Monthly archives of “July 2013

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Why Dato’ Sri Shabery Really wants to censor the internet

[box icont=”chat’]The social media in Malaysia is being monitored and existing laws are sufficient to weed out troublemakers trying to test the limits of free speech, Communications and Multimedia Minister Ahmad Shabery Cheek said today…

“The laws that we make are not to defend the party alone – that’s wrong,” Ahmad Shabery, who is also an Umno supreme council member, said.

In an attempt to curb internet freedom in Malaysia, the government is beginning a series of concerted statements to signal that internet censorship in Malaysia is merely a question of ‘when’ rather than ‘if’. Previously I’ve explored why internet censorship doesn’t alleviate or even mitigate the risk of communal violence, yet the government still presses on with trying to censor the internet, apparently jumping on the opportunity of Alvivi to make their case stronger.

So why is the government so enamoured by the thought of internet censorship, when clearly it doesn’t work?

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The root cause of crime

Crime has become a hot-button topic these days, and while a lot of fingerpointing and blame-shifting has been going on in political circles, I think it’s wise we took a step back and try to address the root problem rather…

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The Security Offences Bill 2012 -Technology Perspective

Government Eavesdropping on your conversations

The Security Offences (Special Measures) Act 2012 and it’s new amendment. that wonderful piece of legislation meant to repeal the archaic and ‘draconian’ ISA may turn out to be even more archaic and draconian than the ISA it was meant to replace.

While much of the legal fanfare has been focusing on the detention without trial sections of the bill, as a tech blogger, I wanted to focus on the technical aspects of it. Specifically let’s focus on how the new law would allow the government to eavesdrop onto your internet communication without the authorization of any Judge or Judicial oversight. Now while, the public prosecutor, or Attorney General in this country isn’t specifically part of the government–he (or she) is appointed by the Yang Di Pertuan Agong on the ‘advice’ of the Prime Minister.

The sections of the bill that focus on the interception of communication is both all-encompassing and far-reaching, giving far too much power to the Public Prosecutor to intercept your private conversations and web surfing habits, which is a gross invasion of privacy.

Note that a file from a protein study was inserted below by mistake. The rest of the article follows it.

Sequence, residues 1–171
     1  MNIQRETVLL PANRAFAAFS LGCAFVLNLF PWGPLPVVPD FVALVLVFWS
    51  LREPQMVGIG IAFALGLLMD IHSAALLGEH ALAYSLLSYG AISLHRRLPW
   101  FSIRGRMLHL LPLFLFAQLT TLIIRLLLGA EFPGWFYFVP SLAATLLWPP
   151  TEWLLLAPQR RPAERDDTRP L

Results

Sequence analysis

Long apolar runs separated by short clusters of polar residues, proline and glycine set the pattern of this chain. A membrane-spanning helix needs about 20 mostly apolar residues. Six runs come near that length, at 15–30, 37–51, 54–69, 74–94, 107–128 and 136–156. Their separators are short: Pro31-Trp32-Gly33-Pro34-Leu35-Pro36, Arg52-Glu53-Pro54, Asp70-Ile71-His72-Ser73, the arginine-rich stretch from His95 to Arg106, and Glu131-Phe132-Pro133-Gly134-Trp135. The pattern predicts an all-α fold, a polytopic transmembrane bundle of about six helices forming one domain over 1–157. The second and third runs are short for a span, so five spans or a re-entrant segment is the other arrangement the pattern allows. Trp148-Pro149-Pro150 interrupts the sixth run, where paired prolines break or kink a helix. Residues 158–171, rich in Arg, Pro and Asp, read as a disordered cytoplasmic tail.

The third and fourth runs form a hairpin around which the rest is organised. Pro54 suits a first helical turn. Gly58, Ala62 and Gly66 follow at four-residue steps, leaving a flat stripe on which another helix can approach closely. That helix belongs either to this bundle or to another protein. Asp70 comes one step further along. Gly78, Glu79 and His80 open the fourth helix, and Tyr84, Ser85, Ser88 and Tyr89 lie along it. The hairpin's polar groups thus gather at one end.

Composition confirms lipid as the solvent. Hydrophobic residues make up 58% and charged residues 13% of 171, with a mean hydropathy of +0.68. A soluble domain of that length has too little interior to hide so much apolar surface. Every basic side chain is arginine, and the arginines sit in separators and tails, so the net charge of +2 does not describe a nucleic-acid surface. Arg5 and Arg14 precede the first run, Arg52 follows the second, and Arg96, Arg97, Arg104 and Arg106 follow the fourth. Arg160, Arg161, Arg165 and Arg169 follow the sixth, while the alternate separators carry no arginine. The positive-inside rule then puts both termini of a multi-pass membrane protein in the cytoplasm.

Power to intercept Communications

The act grants exceeding  powers to the Public Prosecutor, including the ability to authorize any police officer to intercept your postal letters, your internet conversations, you email and even your web surfing habits. This includes a list of the website you visits, and which comments you’re posting on Malaysiakini.

On top of this, the Public Prosecutor has the legal authority to compel an ISP to intercept and retain any communication you performed for an unspecified amount of time. Which could be forever.

Basically he can begin to ask Maxis or Unifi for the list of websites you visit, and your detailed online communications,  access to your emails, your friend list on facebook, your tweets and even your online files. Not even your online porn stash will be free from the prying eyes of the Public Prosecutor (not that I have one though…just saying, I know a friend who does).

All this without ever having to go to a Judge for judicial oversight. More importantly, anything collected in this way is deemed admissible as evidence in court, and no one will have to explain how the evidence was obtained. For all you know they could have placed webcams in your home, but they would would never have to explain this in court.

What’s worse is that a Police Superintendent is granted similar powers when “immediate action is required leaving no moment of deliberation“.

We all understand the need for the Police and Public Prosecutors to do their job well, and they require tools to catch the bad guys. However, this grants them way too much power with regards to their ability to invade the privacy of personal citizens. I don’t want the Public Prosecutor or a curious Police Superintendent snooping on my internet conversations, and yet the new Special offences act allows them to do that–legally!